Tuesday 18 February 2020
The development of next generation solar power technology that has potential to be used as a flexible ‘skin’ over hard surfaces has moved a step closer, thanks to a significant breakthrough at The University of Queensland.
UQ researchers set a world record for the conversion of solar energy to electricity via the use of tiny nanoparticles called ‘quantum dots’, which pass electrons between one another and generate electrical current when exposed to solar energy in a solar cell device.
The development represents a significant step towards making the technology commercially-viable and supporting global renewable energy targets.
Professor Lianzhou Wang, who led the breakthrough, said conventional solar technologies used rigid, expensive materials.
“The new class of quantum dots the University has developed are flexible and printable,” he said.
“This opens up a huge range of potential applications, including the possibility to use it as a transparent skin to power cars, planes, homes and wearable technology.
“Eventually it could play a major part in meeting the United Nations’ goal to increase the share of renewable energy in the global energy mix.”
Professor Wang’s team set the world record for quantum dot solar cell efficiency by developing a unique surface engineering strategy.
Overcoming previous challenges around the fact that the surface of quantum dots tend to be rough and unstable – making them less efficient at converting solar into electrical current.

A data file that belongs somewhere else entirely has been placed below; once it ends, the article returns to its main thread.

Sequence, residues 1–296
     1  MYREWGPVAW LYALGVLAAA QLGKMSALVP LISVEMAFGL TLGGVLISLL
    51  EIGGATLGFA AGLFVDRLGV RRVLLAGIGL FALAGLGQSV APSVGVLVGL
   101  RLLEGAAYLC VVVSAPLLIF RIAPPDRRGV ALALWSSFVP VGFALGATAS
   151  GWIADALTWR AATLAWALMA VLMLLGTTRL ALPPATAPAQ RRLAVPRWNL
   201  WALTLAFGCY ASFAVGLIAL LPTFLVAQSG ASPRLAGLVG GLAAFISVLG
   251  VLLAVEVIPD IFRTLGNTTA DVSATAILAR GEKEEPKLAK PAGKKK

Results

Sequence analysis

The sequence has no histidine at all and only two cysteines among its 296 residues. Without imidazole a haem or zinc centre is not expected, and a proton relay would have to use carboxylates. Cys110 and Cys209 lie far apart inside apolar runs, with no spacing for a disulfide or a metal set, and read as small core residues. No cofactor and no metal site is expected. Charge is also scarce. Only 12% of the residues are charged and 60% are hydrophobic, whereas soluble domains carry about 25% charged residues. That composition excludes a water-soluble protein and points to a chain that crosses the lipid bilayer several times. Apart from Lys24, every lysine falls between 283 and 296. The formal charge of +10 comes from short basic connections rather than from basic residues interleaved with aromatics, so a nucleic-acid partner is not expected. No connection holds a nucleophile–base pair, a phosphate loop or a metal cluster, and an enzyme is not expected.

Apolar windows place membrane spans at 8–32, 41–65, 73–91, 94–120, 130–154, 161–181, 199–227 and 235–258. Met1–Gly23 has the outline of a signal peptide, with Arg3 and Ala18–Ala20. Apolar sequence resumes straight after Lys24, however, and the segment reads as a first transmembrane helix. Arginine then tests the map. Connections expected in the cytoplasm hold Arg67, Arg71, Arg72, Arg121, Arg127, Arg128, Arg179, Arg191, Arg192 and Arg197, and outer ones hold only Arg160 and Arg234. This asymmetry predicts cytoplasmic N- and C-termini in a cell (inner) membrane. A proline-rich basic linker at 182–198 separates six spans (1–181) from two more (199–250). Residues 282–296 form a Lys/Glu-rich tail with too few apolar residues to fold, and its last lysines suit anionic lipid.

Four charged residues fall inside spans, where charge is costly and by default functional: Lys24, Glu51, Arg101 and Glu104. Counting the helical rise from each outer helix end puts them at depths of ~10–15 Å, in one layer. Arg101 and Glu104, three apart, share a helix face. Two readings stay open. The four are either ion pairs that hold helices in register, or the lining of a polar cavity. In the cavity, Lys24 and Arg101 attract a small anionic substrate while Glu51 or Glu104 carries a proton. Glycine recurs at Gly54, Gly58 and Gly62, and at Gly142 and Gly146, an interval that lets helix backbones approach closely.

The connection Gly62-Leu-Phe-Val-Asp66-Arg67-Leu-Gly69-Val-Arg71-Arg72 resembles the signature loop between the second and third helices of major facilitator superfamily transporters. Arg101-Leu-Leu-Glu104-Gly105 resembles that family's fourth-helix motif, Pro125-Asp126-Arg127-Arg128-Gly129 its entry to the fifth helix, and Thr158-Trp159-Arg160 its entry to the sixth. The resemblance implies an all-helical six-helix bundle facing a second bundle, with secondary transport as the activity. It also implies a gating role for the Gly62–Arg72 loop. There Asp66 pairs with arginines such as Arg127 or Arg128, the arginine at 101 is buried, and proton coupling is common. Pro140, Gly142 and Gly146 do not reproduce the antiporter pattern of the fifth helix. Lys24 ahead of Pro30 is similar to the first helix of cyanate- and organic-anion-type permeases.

“This new generation of quantum dots is compatible with more affordable and large-scale printable technologies,” Professor Wang said.
“The near 25 per cent improvement in efficiency we have achieved over the previous world record is important.
“It is effectively the difference between quantum dot solar cell technology being an exciting ‘prospect’ and being commercially viable.”
UQ Vice-Chancellor and President Professor Peter Høj AC extended his congratulations to the UQ team.
“The world needs to rapidly reduce carbon emissions and this requires us to invest much more in research to improve existing energy-generation technologies and develop entirely new ones,” Professor Høj said.
“Harnessing the power of fundamental technological and scientific research is a big part of this process – and that’s what we’re focused on at UQ.”
The findings have been published in the Journal Nature Energy (DOI: doi.org/10.1038/s41560-019-0535-7).
The work was funded by the Australian Research Council's Discovery Programs in collaboration with a number of colleagues both in Australian and overseas.